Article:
Carlos Beltran has had a long, distinguished, and successful MLB career, but is he deserving of enshrinement in Cooperstown?
Baseball aficionados have had the pleasure of watching Carlos Beltran roam green outfield pastures since 1998. No, he’s never won a championship in his 18 seasons, but the Baseball Hall of Fame is measured much more by statistics, metrics, and integrity, rather than rings.
The eight-time all star has quietly put together a resume that will surely make a strong case for baseball immortality. However it’s worth asking–does Beltran belong with baseball’s legends, or just the Hall-of-Very-Good?
Voting for the Baseball Hall of Fame is based upon …”the player’s record, playing ability, integrity, sportsmanship, character, and contributions to the team(s) on which the player played,” per the BBWA election rules. Statistics obviously play a large part in determining a player’s candidacy, but their personal character, role in the community and as a baseball ambassador, connection to performance enhancing drugs, and relationship with the media can also help or hurt their case.
The short answer for Beltran’s HOF case: well, there is no short answer because he’s right on the fence. However, advanced metrics show that he is likely to get the call to Cooperstown.
Using the JAWS score system (for those not familiar with JAWS, it’s an advanced metrics system used to compare a players case to already enshrined Hall of Famers at a given position to help account for players who played in different decades) Beltran scores a 56.4, 8th all time among center fielders. Of the 7 center fielders above Beltran, all are in the HOF. Here’s the kicker: there are 13 CF’s in the HOF with a JAWS lower than Beltran’s. It gets better, too.
Statistician Bill James created a Hall of Fame monitor. His system calculates how likely it is that an active player enters the Hall. A score of 100 means there’s a good possibility, and anything over 130 is a near guarantee, per Pro Baseball Reference. Beltran’s current HOF monitor stands at 104, which should help his case. There’s much more to this saber metric story, though.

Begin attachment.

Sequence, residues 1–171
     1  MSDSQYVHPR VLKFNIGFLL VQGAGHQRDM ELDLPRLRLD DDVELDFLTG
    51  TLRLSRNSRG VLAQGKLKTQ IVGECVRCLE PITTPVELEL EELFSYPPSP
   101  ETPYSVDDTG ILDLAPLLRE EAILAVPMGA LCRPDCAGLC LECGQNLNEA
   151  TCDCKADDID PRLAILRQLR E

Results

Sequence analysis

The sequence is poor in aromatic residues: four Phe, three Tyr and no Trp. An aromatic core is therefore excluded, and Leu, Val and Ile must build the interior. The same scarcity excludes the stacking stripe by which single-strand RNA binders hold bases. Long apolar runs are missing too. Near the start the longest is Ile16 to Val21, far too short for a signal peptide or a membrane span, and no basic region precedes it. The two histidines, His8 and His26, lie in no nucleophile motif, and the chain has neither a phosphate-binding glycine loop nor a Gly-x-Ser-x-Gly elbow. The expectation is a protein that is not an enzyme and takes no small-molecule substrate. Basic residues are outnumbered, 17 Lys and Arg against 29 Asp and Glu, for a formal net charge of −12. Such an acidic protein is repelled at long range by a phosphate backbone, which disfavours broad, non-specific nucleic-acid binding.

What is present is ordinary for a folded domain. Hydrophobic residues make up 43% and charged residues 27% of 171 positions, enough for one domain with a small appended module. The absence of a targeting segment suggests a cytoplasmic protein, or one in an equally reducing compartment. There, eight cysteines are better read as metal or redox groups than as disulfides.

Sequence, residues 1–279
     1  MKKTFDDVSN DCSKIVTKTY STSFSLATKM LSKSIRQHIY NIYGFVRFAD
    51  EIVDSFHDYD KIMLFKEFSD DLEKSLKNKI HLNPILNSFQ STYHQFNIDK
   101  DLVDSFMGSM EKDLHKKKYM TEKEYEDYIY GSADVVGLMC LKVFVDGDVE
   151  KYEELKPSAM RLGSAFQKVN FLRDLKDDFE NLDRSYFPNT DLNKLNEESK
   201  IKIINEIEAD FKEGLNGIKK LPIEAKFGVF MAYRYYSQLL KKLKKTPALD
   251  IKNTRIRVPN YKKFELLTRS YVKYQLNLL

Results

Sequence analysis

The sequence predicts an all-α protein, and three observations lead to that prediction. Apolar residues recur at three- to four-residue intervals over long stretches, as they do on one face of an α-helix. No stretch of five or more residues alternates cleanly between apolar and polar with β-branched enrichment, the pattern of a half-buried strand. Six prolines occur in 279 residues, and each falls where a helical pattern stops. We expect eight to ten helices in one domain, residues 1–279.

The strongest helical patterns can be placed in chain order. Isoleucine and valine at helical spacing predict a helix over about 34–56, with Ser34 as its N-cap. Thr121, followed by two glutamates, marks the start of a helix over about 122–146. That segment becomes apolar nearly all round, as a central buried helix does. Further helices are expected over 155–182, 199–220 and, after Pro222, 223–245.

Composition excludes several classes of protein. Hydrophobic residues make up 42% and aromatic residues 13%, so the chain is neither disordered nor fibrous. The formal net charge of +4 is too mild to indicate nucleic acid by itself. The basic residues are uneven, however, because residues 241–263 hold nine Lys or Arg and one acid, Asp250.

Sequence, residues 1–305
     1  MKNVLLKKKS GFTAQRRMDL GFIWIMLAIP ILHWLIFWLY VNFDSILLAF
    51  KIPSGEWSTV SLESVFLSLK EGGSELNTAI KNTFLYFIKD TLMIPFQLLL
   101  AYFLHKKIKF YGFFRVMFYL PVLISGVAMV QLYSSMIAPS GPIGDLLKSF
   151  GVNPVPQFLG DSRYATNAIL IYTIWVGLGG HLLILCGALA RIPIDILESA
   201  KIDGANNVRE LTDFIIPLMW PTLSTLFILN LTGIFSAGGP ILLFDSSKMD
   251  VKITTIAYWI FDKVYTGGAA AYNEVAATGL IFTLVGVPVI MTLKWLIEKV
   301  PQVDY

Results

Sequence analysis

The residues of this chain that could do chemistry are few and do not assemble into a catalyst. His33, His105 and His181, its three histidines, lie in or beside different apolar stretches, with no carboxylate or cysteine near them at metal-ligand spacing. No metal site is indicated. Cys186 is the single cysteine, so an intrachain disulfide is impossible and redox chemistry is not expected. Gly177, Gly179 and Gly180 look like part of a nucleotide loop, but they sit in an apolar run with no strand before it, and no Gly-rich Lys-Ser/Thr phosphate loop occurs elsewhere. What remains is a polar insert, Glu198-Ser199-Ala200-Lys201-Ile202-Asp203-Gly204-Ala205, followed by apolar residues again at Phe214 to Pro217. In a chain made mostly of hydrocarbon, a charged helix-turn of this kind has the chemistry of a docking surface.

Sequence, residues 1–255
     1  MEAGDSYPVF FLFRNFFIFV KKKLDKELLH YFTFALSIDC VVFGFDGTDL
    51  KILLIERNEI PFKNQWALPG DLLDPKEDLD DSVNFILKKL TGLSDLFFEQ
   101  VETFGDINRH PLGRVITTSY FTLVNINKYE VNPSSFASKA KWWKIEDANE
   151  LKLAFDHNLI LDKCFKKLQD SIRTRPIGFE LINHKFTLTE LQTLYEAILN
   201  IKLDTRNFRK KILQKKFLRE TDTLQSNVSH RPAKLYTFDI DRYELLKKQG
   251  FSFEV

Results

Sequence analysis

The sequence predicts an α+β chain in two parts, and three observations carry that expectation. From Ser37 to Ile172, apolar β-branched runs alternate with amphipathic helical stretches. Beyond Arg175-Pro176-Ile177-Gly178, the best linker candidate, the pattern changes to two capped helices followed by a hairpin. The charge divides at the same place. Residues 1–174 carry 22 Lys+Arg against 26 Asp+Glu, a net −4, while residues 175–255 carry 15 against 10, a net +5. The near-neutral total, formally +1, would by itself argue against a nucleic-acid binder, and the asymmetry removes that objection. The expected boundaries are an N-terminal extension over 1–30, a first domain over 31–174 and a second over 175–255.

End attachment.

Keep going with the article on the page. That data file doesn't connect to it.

There are 19 center fielders in the HOF. The average career WAR of the 19 comes to 71.1, while Beltran stands just shy of the average at 68.4 (if Beltran plays at just a league average clip this season, he’ll be right around the 70 mark). There’s more evidence supporting Beltran’s case, too.
Players in the Hall are often judged by their 7 best WAR seasons. This proves if a player was able to dominate for an extended period of time. The average 7 year WAR of the 19 CF’s: 44.5 while Beltran’s stands at 44.3, which should earn him major points among the sabermetrically driven voters.
Then comes the post season.
Most people think about two years of Beltran playing in October: 2004 and 2006. His ’04 tear was one of the best in postseason history (.417 BA, 8 HR’s, 21 runs scored) but seemingly nullified by one monumental strikeout in ’06 to end the NLCS.
While the sting of one at bat will stay locked in the mind of fans, media, and baseball people forever, let’s get something straight: Carlos Beltran is an outstanding postseason performer. His .332 BA, .441 OBP, and .674 SLG suggest he owned October (his 16 homers are also top 10 all time). Let’s not allow one at bat to tarnish his otherwise excellent postseason career.
Beltran’s share of accolades are rather impressive: eight All-Star games, seven 20/20 (homers/stolen bases) seasons, three Gold Gloves, two silver sluggers, and the 1999 Rookie of the Year. He knocked in over 100 runs eight-times, scored over 100 runs seven-times, and holds the fifth best stolen base percentage among active or retired players (86.3%). His career fielding percentage stands at a sparkling .986, most of it coming playing center field, regarded as a premium defensive position. Among switch hitters, he’s fifth all-time in homers, likely to eclipse the 400 mark this season.
As we mentioned earlier, the HOF goes far behind fancy statistics. Beltran was never in legal trouble away from the diamond, never seriously connected with any performance enhancing drugs, and won the 2013 Roberto Clemente award, which is given to players who exemplify sportsmanship and positive involvement within local communities.
Beltran will have his obstacles when comes time for election. They’ll be other players on the ballot for longer than himself, who will steal some votes. There will be writers who covered other teams that Beltran played well against who won’t want to vote for him. Baseball PED legislation didn’t formally arrive until 2002, while Beltran entered the league in 1998; the steroid conspiracy theorists will have their doubts whether it’s deserved or not.
It’s not likely that he gets the call to Cooperstown during his first time on the ballot, but there are enough signs pointing to a day when Beltran is awarded baseball immortality.